A teen lost an appeal challenging his adjudication as a delinquent on charges that would be theft and auto theft if committed by an adult violated the single larceny rule.
The youth burglarized an Indianapolis home and stole a Chevy Avalanche truck and several personal items including a handgun, iPod and television. He was adjudicated a delinquent for burglary, which would be a Class B felony if committed by an adult; theft, which would be a Class D felony if committed by an adult; auto theft, which would be a Class D felony if committed by an adult; and resisting law enforcement, which would be a Class A misdemeanor if committed by an adult.
On appeal in J.R. v. State of Indiana, 49A05-1204-JV-175, J.R. cites Stout v. State, 479 N.E.2d 563 (Ind. 1985), to argue his true findings for theft and auto theft cannot stand. In Stout, the court ruled that a defendant could not be charged with multiple violations of the same theft statute.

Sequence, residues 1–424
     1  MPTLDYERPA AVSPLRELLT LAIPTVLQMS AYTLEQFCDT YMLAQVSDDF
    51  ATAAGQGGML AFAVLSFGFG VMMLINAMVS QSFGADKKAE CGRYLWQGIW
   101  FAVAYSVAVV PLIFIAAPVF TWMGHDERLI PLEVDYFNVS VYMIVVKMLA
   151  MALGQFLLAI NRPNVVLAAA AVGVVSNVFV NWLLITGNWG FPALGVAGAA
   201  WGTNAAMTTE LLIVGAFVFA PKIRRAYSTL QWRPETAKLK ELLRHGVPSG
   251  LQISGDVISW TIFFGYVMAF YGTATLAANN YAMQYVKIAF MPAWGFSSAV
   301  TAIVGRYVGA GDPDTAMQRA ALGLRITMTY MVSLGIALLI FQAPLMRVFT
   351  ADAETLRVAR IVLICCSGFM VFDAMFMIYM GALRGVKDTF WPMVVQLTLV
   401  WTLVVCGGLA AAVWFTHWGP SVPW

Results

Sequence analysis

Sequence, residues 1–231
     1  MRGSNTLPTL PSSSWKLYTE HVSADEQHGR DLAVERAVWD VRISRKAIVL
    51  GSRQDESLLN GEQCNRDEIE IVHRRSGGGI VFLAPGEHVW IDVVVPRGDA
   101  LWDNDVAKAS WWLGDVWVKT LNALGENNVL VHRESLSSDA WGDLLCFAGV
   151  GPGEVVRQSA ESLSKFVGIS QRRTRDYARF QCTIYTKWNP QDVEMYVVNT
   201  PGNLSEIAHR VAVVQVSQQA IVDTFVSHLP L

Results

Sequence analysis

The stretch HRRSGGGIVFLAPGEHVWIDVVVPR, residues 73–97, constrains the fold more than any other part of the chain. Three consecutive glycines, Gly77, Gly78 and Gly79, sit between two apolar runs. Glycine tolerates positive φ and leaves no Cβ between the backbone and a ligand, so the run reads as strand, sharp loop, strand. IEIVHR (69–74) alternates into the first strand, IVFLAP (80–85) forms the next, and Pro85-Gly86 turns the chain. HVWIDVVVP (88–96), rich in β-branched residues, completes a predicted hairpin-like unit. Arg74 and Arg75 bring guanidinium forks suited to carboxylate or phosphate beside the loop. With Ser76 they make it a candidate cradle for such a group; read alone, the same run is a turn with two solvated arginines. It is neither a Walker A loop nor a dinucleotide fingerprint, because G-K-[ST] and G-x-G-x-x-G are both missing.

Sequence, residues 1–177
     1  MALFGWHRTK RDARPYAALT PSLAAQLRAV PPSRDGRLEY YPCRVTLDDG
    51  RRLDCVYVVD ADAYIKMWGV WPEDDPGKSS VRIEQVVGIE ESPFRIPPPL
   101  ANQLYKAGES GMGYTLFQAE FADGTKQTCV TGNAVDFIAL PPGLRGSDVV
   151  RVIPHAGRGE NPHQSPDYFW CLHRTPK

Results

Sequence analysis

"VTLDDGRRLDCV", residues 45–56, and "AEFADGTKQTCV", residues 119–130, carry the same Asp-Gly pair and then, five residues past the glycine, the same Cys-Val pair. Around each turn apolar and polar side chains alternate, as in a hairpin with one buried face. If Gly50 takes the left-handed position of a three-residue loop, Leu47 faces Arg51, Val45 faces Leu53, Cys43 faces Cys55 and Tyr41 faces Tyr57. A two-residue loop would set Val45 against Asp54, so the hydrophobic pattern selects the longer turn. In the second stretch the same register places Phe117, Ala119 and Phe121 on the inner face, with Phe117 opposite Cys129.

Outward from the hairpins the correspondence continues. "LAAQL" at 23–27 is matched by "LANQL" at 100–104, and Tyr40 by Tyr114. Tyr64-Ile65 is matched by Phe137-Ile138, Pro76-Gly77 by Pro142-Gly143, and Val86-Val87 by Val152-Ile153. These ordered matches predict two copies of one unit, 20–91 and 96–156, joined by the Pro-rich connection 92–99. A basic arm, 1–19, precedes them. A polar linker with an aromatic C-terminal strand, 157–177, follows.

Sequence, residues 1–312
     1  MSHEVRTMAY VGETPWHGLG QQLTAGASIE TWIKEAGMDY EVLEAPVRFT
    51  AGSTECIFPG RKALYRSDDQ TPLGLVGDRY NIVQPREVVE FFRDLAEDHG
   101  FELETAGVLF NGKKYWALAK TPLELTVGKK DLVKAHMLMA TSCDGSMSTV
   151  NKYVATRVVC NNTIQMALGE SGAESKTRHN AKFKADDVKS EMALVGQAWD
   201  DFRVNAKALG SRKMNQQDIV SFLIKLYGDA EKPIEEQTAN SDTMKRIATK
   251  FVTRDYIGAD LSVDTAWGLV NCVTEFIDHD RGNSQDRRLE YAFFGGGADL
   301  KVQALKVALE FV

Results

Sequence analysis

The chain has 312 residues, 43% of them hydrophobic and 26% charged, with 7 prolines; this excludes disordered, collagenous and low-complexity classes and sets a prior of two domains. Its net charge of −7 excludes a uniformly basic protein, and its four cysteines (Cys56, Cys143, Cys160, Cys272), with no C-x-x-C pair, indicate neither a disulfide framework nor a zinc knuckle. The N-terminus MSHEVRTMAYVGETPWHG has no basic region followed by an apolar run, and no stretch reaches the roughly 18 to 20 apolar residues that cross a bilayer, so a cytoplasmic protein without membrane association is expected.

“But here, true findings were made as to theft and auto theft, which are different offenses and violations of different statutes. We conclude that the crimes of theft and auto theft are distinct offenses, and J.R.’s true findings for both offenses did not violate the single larceny rule,” Judge James Kirsch wrote in affirming the Marion Superior Court ruling.